The ambient noise and the hustle bustle of New York give the sounds and sights of Begin Again an eclectic energy. Gretta, Dan, and their ramshackle band reconfigure public space as a concert hall/recording studio for the masses and offer live performances, sharing their work and inviting the public to be a part of it, and put a spring in the step of the passersby. The musical performances are fun and funky, like a logical extension of Glen Hansard’s lovelorn ballads performed outside St. Stephen’s Green in London, as Gretta and company record by the seat of their pants in alleys, subway stations, and on rooftops. Carney lets the metropolitan flavour of New York add to the harmony of the song as Gretta and Dan touch others with their music.
The sense of possibility and discovery is equally apparent in the strong ensemble of Begin Again. Carney and company shrewdly cast the movie musical with a mix of actors with minimal professional musical experience (i.e.: Knightley and Steinfeld) with professional musicians with few to no screen credits (i.e.: Levine and fellow “Voice” judge CeeLo Green). It works since have the pleasure is watching these characters discover themselves and try something new. Knightley is particularly strong with this standout credit in her filmography. Her beautiful voice—she sounds a bit like Kathleen Edwards—is shy and soulful, and she mirrors Gretta’s emotional arc remarkably through the performance of her songs. Ruffalo is excellent as Dan, especially during the feverish scenes of artistic inspiration as Dan envisions Gretta’s set pieces and becomes as excited as a young upstart. His performance is a highlight.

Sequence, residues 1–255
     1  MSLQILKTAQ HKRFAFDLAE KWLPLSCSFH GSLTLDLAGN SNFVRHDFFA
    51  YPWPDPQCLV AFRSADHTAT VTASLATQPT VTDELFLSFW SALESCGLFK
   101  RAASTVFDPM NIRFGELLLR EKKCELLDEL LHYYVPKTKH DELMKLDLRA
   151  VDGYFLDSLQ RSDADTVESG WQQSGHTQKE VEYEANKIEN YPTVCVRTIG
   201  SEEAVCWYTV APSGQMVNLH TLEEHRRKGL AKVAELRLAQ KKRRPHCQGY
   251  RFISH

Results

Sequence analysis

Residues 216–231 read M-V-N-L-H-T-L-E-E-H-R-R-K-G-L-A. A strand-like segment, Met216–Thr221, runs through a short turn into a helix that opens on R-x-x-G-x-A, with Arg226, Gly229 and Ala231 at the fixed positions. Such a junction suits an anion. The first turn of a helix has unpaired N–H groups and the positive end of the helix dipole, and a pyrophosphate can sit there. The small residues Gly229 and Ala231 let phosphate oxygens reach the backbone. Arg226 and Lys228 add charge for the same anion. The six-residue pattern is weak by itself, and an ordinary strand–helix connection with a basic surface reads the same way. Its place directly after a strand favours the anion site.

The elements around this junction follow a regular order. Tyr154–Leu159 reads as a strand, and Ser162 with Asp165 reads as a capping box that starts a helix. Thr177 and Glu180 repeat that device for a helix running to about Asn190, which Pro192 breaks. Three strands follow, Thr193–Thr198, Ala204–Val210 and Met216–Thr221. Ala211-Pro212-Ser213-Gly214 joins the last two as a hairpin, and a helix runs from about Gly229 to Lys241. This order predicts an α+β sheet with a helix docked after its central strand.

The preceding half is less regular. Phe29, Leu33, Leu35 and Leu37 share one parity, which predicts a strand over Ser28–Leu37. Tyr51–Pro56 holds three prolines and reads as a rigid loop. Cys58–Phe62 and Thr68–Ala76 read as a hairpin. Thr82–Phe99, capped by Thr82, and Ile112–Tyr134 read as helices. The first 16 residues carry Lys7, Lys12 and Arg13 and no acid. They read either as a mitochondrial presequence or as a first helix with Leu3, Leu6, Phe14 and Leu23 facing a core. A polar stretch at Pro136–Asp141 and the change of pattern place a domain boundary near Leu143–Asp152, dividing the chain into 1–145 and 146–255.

The two leads are supported by a spirited bunch. Steinfeld is strong and spunky, while Green adds ample street cred, as does Catherine Keener in a small turn as Dan’s estranged wife. (She doesn’t sing.) Levine, finally, makes a capable debut as the dick-ish Dave, although his final rendition of “Lost Stars” is a showstopper that demonstrates how much dramatic work and emotion further the performance of a song.
All the sparkling voices within the busy city, however, shine best in Begin Again’s central love ballad “Lost Stars,” which sees the culmination of Gretta’s artistic vision. Gretta originally writes the song for Dave as a Christmas gift. It’s a plucky acoustic love ballad as Knightley first presents the song in a raw and soulful performance. The song appears again once Gretta wraps her album and Dave presents the song to her on his own recently completed studio album. Dave, now sporting a hilariously full beard that could house an army of bees, lets Gretta listen to an all-out bastardization of “Lost Stars” as the studios embellish it with poppy beats and rhythms. There isn’t any soul to it, and the juxtaposition of the former lovers’ growth as artists shows the integrity of Gretta’s path as an independent recorder. Dave pleads for Gretta to hear a live performance of “Lost Stars,” though, and the final number of Begin Again is a beautifully cathartic power ballad that returns to the central question of whether a song can save a person’s life. Begin Again provides some beautiful closure as it ends with “Lost Stars” and ensures that audiences, like Gretta, leave the theatre in a state of bliss.
Rating: ★★★★ (out of ★★★★★)
Begin Again opens in Ottawa July 11 at The ByTowne.